Emily Benning’s Summer Fellows research examines ethical formation and identity development in the classroom.
As our modern world places greater emphasis on the value of “finding our truths,” or discovering our identity and what matters to us, the field of education struggles to recognize that ethical formation is inherent to our identity development. I discuss the social and individual ramifications of neglecting what Robert Kunzman calls “Ethical Dialogue” in the classroom and, drawing from Charles Taylor, the consequences of sustaining a culture via relativistic ideals. I expand this argument by advocating for the inclusion of Hans Georg Gadamer’s theory of hermeneutic experience in educational practice. Gadamer’s “hermeneutic circle” is a model of understanding that requires a student to break from the chains that bind them to their perception of reality, as illustrated in Plato’s allegory of the cave, and dialogue is only effective in inciting a productive change that advances one’s self-understanding when its interlocutors are critically engaging with the values that constitute each individual’s identity. While I conclude with a “methodology” section on how to create more opportunities for this experience in the classroom, I acknowledge the challenges of institutionalizing this educational philosophy.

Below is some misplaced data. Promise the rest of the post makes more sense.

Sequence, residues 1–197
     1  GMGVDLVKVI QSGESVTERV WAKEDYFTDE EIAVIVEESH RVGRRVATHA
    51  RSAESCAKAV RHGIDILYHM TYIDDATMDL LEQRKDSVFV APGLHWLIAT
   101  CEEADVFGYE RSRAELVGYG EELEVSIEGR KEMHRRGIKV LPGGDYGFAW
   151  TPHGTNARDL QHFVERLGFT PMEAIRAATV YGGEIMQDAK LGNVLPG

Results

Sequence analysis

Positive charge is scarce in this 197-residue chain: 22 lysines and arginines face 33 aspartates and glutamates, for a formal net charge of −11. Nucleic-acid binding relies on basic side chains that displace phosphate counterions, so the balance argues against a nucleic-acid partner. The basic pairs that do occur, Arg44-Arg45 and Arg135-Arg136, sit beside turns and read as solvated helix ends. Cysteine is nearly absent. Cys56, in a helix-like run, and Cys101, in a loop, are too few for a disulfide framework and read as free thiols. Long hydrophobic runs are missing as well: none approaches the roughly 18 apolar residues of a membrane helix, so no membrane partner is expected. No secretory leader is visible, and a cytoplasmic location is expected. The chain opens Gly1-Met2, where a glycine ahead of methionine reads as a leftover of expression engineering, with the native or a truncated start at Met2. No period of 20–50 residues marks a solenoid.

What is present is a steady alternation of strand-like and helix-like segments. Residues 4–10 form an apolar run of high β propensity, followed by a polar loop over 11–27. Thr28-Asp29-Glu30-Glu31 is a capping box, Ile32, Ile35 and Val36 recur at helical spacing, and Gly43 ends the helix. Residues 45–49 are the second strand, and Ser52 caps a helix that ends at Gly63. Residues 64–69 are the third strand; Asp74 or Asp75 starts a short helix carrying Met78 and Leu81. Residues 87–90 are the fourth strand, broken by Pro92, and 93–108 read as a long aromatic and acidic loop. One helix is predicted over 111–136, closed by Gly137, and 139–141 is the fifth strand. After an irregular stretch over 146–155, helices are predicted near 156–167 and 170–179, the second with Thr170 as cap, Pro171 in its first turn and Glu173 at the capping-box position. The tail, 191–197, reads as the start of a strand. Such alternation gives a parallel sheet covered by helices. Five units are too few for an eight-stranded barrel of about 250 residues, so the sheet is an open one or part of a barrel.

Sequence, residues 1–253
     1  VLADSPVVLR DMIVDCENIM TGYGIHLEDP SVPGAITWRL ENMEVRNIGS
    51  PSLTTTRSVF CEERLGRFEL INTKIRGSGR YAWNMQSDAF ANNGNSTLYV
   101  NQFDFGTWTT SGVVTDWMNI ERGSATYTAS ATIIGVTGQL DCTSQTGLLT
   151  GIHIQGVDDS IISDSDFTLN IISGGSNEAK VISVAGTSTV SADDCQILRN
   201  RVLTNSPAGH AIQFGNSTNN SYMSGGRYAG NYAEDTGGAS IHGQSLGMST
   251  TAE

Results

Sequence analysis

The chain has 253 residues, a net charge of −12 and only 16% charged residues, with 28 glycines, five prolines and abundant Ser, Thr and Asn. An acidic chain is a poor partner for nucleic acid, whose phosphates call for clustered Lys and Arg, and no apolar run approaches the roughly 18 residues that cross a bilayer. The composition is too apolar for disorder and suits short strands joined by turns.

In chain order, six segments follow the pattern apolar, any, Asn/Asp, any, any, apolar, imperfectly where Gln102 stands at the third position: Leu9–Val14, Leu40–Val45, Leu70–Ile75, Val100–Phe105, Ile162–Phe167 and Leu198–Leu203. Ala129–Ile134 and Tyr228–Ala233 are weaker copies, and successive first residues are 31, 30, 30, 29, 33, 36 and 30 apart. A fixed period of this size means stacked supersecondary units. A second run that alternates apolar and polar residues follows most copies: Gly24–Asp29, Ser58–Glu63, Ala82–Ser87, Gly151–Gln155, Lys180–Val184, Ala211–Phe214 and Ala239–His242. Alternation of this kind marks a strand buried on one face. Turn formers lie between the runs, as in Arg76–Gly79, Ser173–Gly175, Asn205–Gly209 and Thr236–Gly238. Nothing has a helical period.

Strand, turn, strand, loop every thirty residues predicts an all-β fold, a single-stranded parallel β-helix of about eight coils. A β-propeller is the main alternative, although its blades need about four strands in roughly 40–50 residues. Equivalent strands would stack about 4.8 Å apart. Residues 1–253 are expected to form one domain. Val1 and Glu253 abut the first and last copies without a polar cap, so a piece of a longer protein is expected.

Interested readers will find Benning’s paper on the Ursinus College Digital Commons.